Thursday, 15 July 2010

David Willetts maiden ministerial speech

I like this a lot....pointed out to me by Amanda Jones of the Crafts Council.

"This great city and this excellent university matter to me for many reasons. My family comes from here. Many members of my family worked in the craft jobs – as silversmiths, gun barrel makers, and glaziers – which made Birmingham the city of a thousand trades. And a few weeks ago you hosted the third of the leaders' debates in the great hall of this university, a key moment in the Election campaign. Like so many people I was of course following the debate closely, but not so closely that my eyes did not wander to the backdrop of the massive stained-glass windows of the hall; I reflected that my great-grandfather was one of the glaziers who installed them. Indeed my grandfather remembered being taken as a boy to the grand opening because Joe Chamberlain, the university’s first Chancellor, believed that the working men who helped build it should have a role at the event. That confident celebration of the craftsman, as well as the academic, is one of the values I associate with this city....."

"There is another trap I wish to avoid as well – privileging theoretical over applied, cerebral over manual. Rigour and excellence are not confined to intellectual pursuits. They're just as evident and necessary in craftsmanship, in technical spheres, in manufacturing. In fact they require many of the same qualities, which is why they so often flourish together. This argument is put most beautifully by the great David Hume – one of my heroes – in his essay "Of Refinement in the Arts". Forgive me for quoting him at some length.

"An advantage of industry and of refinements in the mechanical arts is that they commonly produce some refinements in the liberal; nor can one be carried to perfection without being accompanied, in some degree, with the other. The same age, which produces great philosophers and politicians, renowned generals and poets, usually abounds with skilful weavers and ship-carpenters. We cannot reasonably expect that a piece of woollen cloth will be wrought to perfection in a nation which is ignorant of astronomy or where ethics are neglected."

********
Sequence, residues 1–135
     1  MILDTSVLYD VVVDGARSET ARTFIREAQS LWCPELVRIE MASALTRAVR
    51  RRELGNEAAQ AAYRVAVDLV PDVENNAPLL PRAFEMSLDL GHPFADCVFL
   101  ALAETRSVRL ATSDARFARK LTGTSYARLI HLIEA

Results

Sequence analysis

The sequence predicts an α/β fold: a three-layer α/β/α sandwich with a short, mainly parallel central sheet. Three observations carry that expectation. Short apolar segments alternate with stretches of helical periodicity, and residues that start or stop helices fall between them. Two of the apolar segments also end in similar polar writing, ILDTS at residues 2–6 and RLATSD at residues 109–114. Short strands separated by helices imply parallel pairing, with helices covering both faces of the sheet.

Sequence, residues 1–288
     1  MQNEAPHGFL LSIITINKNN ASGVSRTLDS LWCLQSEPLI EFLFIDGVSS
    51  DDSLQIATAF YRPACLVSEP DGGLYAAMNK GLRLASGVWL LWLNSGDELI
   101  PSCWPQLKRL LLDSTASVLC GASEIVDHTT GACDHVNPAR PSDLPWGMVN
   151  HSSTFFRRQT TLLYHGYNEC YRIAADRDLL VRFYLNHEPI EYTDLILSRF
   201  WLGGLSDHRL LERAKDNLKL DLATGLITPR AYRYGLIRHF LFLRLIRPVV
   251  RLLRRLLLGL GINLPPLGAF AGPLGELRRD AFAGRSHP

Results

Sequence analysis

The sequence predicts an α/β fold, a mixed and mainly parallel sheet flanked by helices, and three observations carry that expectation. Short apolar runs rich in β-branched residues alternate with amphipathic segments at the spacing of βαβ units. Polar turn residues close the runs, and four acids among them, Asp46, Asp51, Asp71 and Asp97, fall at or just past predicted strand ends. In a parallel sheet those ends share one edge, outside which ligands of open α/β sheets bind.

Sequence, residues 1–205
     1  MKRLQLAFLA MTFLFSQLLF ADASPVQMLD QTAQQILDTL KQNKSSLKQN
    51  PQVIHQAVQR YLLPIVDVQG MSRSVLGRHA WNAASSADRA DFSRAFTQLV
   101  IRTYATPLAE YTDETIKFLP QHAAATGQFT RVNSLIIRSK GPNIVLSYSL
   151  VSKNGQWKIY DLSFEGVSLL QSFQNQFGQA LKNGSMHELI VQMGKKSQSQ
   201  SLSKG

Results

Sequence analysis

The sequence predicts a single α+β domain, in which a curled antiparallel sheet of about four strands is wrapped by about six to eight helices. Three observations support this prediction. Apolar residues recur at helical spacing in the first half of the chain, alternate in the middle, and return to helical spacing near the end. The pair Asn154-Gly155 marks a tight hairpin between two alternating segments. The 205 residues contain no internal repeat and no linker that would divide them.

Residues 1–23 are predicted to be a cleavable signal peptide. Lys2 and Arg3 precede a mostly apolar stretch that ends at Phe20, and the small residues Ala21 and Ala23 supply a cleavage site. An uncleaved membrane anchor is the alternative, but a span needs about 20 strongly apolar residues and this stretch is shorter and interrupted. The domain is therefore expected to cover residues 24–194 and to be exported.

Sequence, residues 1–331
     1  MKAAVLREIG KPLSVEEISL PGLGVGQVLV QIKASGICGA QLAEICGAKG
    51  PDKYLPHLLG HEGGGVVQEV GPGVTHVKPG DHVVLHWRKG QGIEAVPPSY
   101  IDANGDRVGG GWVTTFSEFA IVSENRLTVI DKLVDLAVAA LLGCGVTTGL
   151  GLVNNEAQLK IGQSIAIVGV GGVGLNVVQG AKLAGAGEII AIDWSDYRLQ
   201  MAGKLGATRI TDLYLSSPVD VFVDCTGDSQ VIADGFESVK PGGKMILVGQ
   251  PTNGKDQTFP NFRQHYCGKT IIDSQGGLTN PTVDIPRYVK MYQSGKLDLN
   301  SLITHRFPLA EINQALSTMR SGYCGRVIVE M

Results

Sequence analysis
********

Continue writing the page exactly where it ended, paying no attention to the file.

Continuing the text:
When you go to the Cavendish laboratory at Cambridge, you can see historic exhibits which celebrate the great physicists who have contributed so much to our understanding of the world and still do. They have preserved there the finely made cloud chambers which made the early physics experiments possible. That depended on highly skilled glass blowers. I am told that glass blowers are still at work on this campus.

Another reason such distinctions are artificial is because we know that learning and practice of any kind – and at any age – makes us healthier and happier. Learning – be it studying a subject or mastering a physical craft – promotes personal fulfillment and well being. Richard Sennett's excellent book, The Craftsman, makes this clear, as does the exciting new book by Matthew Crawford, The Case For Working With Your Hands, which has had such an impact in America."

You can rest assured HCA will be attempting to get a meeting with David Willetts to talk about craft training in universities an area where most of the news over the past months has been bad.

full text here

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